You know the economys bad when business is down at Ryans
Call it a coincidence: An inexpensive chain restaurant that I almost never think about came up twice in conversations last week. The first time was when a stockbroker — who once had been a regular at Capital Grille — told me that his income had taken such a plunge, he was going to have to start eating at Ryan’s Grill, Buffet and Bakery instead. He wasn’t laughing.
The following day, another friend told me that he had been eating lunch at Ryan’s Grill, Buffet and Bakery in Independence, and the waitress told him that the economy was so bad, it was hurting their business. Say, what? Ryan’s is one of the least costly restaurants in the metro.
I never thought I’d live to hear Ryan’s Grill and the Capital Grille in the same sentence. My frugal friend Franklin told me that the low-budget meals at Ryan’s were ways he was keeping body and soul together.
“You can get a complete dinner, as much as you can eat, for about $13 including drink, tax and tip. If you really fill up, you can even skip breakfast the next morning.”
That was the same kind of logic my grandparents used during the Great Depression, when they chose low-cost cafeterias over nicer restaurants. The food wasn’t fancy, but portions were plentiful, and you rarely had to leave a tip.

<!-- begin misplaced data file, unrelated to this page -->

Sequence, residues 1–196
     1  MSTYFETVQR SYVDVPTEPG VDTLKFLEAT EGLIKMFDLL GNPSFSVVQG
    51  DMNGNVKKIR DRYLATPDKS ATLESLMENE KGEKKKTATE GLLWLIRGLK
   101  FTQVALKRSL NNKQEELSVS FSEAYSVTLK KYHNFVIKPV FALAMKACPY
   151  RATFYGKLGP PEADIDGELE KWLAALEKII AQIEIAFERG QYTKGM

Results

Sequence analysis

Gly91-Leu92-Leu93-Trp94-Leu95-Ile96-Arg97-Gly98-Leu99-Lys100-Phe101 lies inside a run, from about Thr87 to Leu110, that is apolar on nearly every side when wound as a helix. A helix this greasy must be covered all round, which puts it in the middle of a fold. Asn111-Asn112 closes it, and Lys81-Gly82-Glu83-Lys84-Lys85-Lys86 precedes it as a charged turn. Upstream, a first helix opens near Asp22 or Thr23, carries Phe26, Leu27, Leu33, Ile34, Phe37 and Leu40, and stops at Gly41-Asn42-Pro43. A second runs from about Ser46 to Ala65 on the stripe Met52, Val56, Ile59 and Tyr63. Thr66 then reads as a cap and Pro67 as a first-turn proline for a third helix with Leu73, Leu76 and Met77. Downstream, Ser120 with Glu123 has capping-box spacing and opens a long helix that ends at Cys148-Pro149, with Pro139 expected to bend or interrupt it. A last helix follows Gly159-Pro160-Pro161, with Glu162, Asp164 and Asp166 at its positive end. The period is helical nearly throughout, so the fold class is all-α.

So I joined Franklin and snobby Truman for dinner at that Ryan’s in Independence one night. It was a more abundant buffet than I had expected (definitely better than the costlier one at Harrah’s); what it lacked in glamour, it made up for in bulk. And, yes, I’m talking about some of the customers, too.
One of the managers confirmed that business had fallen “a good 20 percent,” until the restaurant mailed out a “buy one, get one for $4.99” coupon and lured back the hungry faithful. It’s a dumpy place, but the food is better than average. Even insufferable foodie Truman shocked me by liking everything he ate. “The fake crab salad is delicious — I’m serious! The pot roast is just like Mama’s. And this steak couldn’t be more tender!”
“That’s not a steak,” I told him. “It’s a pork chop.”
“It is? Well, it’s just as good as a chop in some Plaza restaurant!” But he noted one thing missing, especially for rough times: martinis.
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